Performance management in scientific and cultural organisations: from an institutional perspective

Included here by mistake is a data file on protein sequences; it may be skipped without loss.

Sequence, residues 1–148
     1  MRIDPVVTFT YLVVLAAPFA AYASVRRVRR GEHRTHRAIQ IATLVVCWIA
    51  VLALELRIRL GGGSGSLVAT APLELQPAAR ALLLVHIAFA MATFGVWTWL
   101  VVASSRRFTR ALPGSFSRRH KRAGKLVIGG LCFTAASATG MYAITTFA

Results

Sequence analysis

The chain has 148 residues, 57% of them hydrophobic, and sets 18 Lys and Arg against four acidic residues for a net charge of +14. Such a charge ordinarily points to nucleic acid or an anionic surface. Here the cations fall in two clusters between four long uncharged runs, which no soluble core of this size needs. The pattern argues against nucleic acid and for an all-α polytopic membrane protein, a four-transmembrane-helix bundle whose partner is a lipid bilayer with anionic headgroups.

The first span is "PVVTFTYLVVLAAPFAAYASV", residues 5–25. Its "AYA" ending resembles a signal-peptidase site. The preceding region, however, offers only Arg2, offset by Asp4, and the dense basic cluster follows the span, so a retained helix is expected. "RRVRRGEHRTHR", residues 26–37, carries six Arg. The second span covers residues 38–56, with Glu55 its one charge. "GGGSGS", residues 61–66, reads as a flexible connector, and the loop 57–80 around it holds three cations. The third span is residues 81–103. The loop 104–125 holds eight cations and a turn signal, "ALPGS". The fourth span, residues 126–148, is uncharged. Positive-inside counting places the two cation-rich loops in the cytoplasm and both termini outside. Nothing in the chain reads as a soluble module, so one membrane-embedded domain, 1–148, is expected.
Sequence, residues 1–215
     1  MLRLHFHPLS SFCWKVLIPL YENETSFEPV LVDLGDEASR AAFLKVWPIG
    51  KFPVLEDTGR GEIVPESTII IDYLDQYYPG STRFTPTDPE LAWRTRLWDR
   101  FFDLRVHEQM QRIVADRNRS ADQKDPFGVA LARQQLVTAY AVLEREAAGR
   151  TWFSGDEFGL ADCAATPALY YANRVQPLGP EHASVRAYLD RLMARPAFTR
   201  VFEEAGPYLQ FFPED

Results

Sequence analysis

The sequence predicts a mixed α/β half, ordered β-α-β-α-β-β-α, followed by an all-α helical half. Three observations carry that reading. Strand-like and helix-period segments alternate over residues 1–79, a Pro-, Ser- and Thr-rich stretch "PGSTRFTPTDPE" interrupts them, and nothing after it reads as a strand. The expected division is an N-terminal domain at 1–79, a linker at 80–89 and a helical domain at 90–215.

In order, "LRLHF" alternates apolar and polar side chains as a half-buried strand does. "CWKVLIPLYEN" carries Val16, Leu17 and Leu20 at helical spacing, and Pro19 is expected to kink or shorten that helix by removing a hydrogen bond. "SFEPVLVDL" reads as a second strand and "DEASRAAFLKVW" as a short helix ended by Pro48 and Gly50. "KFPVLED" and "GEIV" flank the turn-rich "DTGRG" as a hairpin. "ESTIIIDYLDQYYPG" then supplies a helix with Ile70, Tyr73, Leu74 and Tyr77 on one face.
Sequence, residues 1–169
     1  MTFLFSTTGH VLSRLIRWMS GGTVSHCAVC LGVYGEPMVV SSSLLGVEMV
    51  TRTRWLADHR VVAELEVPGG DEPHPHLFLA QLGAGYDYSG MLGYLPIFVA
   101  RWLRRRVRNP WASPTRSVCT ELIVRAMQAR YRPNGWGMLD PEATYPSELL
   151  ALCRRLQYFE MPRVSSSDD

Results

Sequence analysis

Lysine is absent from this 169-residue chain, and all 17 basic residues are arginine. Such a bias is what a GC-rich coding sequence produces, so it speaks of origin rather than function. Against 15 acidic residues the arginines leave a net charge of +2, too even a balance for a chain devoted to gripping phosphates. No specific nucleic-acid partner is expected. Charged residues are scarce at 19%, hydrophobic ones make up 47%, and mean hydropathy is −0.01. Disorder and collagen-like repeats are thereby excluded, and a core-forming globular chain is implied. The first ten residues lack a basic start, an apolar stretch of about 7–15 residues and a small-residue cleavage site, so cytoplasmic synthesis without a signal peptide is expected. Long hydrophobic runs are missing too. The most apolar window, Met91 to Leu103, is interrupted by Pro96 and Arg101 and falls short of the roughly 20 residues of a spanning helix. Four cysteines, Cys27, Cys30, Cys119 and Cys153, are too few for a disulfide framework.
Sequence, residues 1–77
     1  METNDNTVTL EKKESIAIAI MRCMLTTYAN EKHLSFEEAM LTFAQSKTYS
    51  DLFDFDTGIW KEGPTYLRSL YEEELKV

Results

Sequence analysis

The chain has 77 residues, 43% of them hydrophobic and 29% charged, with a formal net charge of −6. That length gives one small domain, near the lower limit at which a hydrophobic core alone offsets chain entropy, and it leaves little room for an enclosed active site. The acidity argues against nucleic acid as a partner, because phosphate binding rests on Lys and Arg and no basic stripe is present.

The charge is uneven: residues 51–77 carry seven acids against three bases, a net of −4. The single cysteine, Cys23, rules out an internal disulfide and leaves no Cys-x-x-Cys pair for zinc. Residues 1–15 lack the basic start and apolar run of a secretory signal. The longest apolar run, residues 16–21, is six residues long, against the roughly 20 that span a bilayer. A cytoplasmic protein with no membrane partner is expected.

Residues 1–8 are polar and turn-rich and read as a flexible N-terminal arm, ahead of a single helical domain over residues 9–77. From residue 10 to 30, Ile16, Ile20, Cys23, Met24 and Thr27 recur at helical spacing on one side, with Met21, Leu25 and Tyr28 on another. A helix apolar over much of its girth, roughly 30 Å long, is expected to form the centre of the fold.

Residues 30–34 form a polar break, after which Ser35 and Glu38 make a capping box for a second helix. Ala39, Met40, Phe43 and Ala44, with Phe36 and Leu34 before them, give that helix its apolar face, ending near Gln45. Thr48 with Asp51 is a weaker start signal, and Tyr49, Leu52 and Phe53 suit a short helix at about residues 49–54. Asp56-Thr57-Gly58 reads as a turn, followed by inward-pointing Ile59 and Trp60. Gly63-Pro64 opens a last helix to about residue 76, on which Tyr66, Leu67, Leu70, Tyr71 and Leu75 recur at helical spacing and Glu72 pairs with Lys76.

This thesis deepens our understanding of the institutional and organisational changes, which are taking place in the scientific and cultural public sector organisations, regarding their efforts to adopt performance management practices in the broader climate of increasing external demands of accountability and transparency. Using institutional theory as the main theoretical lens and an inductive approach, data is collected and analysed from an in-depth case study spanning four years in one scientific and cultural organisation and from a survey of the field such organisations are embedded in. At the field level, scientific and cultural organisations are embedded in multiple institutional logics (e.g. professional, governance/performance, managerial). Findings reveal the micro processes and dynamics of management accounting and institutional changes and how the power shift both results from and propel such changes. Apart from the emphasis on institutional multiplicity as key to understanding the change process, attention is paid to how institutional entrepreneurs use visual framing with accounting inscriptions to promote changes, how emotional factors and the role of specialist work groups contribute to institutional change. Thus, the thesis, as a whole, provides practical insights into this special type of organisations and their performance management practices. Theoretical contributions are made towards the micro foundations of institutional theory and interpretive accounting research with visual and emotional elements. Implications for practitioner and policy making are also explored.
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